Choosing a liberal arts degree in Missouri is like choosing between Kansas City-style and St. Louis-style barbecue: You can’t go wrong. Regardless of your emphasis, a liberal arts foundation will provide you with a strong base of general knowledge and valuable life skills.
Students who choose to earn bachelor’s or master’s degrees from liberal arts colleges in Missouri have the added benefit of getting their education somewhere with first-rate libraries and museums to visit.
The people of Missouri are doing amazing work in the arts, sciences, and social sciences. Many of them developed the skills it takes to become powerful and impactful members of society right here at the state’s liberal arts colleges.
Become Part of the Film, Media and Performing Arts Scene in Missouri with a Degree in Liberal Studies
Two words: Walt. Disney. How can the man’s home state not inspire movie magic?
Many filmmakers are drawn to the state by the Missouri Film Commission’s tax credit, but they stay for the unrivaled scenery, urban centers, and historic settings, not to mention Missouri’s pool of talented film professionals. Earning a liberal arts degree in film and media teaches students the ropes of filmmaking, but also the skills for success in the business.
Big-name movies shot in Missouri include “Winter’s Bone,” “Gone Girl,” and the classic comedy “Planes, Trains, and Automobiles.” Many more will be added to that list as the state’s liberal arts film studies graduates leave their mark on the film scene, whether through small-audience indie productions or by making the next Hollywood classic filmed here.
Students and graduates of liberal arts degrees in Missouri have the honor of creating and collaborating in an atmosphere that’s long been supportive of the arts and has produced more than one world-changing storyteller. Sorry Walt, but you must share the stage with Mark Twain.
Join the Scientific Community in Missouri with a Degree in the Liberal Arts and Sciences
Liberal arts students who study science are skilled in creatively interpreting data through a wider lens than just their particular specialty. This kind of perspective leads to remarkable and innovative discoveries that change the way the world operates on small scales and large.
Missouri’s science community is doing all kinds of important work. With a bachelor’s or master’s degree in liberal arts focusing on the sciences, graduates are primed to start making meaningful contributions right alongside the experts that are already making a name for themselves in a number of scientific fields.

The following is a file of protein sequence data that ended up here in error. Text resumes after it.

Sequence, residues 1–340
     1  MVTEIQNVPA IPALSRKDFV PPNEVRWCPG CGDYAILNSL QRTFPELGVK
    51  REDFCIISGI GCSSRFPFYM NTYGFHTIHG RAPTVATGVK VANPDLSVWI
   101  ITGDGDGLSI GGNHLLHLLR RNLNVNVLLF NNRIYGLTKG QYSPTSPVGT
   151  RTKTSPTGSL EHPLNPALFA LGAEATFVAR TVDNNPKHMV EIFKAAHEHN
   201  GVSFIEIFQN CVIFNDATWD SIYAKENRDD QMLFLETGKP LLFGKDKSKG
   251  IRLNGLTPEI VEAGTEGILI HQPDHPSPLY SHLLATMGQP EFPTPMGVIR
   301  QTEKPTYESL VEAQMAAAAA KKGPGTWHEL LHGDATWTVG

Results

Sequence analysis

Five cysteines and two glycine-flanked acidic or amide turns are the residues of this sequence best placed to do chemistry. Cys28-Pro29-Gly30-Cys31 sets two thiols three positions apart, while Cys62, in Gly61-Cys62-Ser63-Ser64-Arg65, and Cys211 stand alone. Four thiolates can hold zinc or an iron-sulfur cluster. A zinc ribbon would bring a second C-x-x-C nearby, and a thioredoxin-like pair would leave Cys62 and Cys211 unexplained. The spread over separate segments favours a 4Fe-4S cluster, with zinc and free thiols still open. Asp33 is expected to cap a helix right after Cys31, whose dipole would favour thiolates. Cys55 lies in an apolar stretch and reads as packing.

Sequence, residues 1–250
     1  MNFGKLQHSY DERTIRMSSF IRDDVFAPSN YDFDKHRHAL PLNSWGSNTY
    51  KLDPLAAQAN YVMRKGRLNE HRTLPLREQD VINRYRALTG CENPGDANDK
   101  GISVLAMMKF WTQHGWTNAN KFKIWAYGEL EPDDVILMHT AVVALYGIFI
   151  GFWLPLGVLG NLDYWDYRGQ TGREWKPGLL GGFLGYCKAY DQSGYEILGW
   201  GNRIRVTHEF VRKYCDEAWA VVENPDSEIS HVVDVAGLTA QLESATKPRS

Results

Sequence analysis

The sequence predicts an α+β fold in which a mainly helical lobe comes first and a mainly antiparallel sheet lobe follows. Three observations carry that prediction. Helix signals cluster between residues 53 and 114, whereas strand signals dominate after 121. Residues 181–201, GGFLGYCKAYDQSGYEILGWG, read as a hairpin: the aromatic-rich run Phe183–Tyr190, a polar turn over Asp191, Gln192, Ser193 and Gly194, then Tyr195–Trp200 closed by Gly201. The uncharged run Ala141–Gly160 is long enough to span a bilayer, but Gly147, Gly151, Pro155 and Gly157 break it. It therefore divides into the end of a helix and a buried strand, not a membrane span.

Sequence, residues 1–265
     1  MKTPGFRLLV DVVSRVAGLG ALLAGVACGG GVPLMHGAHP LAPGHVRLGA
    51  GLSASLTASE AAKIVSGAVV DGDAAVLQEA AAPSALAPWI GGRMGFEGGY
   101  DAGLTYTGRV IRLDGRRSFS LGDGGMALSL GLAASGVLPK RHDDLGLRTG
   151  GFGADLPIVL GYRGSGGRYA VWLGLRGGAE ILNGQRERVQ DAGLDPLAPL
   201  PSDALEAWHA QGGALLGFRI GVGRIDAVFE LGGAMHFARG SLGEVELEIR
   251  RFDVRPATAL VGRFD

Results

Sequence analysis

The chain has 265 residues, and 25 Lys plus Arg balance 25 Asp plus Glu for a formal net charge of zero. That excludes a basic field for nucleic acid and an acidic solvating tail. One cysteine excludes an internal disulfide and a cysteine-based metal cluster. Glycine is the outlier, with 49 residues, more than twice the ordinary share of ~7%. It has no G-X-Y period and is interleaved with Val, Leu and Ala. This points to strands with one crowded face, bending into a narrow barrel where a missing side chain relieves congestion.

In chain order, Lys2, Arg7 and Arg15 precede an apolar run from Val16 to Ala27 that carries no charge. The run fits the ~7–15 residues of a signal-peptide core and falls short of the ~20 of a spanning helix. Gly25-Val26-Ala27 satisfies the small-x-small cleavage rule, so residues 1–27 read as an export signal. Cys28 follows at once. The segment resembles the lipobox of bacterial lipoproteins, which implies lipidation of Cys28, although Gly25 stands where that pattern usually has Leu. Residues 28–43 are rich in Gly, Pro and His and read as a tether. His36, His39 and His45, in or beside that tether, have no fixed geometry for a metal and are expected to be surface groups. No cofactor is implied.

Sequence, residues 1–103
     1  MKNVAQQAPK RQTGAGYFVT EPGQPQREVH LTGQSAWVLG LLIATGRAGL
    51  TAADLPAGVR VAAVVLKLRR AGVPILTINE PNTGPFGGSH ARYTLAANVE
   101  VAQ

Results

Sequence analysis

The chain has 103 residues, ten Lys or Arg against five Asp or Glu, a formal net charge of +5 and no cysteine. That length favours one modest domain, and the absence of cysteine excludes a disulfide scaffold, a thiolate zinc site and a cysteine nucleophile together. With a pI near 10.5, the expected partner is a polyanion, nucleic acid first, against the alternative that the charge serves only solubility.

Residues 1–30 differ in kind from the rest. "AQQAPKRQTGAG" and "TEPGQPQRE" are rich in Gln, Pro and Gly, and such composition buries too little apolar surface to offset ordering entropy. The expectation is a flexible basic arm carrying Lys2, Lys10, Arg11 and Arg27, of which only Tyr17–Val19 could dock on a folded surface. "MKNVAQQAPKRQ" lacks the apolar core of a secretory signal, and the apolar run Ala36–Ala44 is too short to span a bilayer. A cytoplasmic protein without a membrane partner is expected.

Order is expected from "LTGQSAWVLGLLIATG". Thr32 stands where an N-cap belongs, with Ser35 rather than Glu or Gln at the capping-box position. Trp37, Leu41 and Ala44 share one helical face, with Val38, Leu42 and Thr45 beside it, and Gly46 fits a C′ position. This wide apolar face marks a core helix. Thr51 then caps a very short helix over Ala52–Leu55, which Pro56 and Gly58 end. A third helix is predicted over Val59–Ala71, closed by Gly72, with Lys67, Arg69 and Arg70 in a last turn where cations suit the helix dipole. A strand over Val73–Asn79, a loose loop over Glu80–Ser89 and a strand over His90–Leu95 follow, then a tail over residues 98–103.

Supported by a grant from the National Science Foundation, the University of Missouri’s ARIS Center (Advancing Research and its Impact on Society) focuses on knowledge mobilization and societal impacts.
Green Acres Farm, dedicated to agricultural research, has been working to transform the animal agriculture industry with the development of feed additive solutions, affecting how livestock are fed, and in turn, how people are fed.
Through collaborations in Missouri, the U.S. Department of Energy’s Argonne National Laboratory has been able to make headway in sustainable energy, economic prosperity, and security with new technologies and groundbreaking discoveries. For example, Washington University, a liberal arts college in St. Louis, partnered with Argonne on a project that helped some longstanding mysteries in the photosynthetic process of plant life.
Scientists at the Missouri Institute of Natural Science are studying Missouri’s fossil record and prehistoric caves with archaeological, geological, and paleontological projects.
Researchers at the Missouri University of Science & Technology are making kidney transplant matching smarter with artificial intelligence.
How a Liberal Arts Education in Missouri Can Prepare You to Work in the Social Sciences
Diverse populations have diverse needs. Missouri’s social science professionals need to be aware of the issues of many different people with many different perspectives and find ways to serve all of them. Some Missourians live in hectic urban neighborhoods with high crime rates, others struggle with limited access to healthcare and social services in secluded rural areas.